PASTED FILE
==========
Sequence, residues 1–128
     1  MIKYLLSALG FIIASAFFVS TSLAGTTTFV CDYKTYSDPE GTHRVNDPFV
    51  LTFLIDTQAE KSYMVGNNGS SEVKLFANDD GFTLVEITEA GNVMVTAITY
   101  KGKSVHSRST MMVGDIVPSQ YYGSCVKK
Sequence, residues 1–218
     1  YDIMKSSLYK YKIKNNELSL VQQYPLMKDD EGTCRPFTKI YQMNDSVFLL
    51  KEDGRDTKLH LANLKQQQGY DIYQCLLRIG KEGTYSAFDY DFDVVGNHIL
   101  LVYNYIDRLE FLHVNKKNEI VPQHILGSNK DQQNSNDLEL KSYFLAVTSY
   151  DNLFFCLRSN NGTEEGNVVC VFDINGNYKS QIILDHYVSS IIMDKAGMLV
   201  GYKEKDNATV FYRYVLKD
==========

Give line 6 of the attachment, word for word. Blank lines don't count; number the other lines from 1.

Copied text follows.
     1  YDIMKSSLYK YKIKNNELSL VQQYPLMKDD EGTCRPFTKI YQMNDSVFLL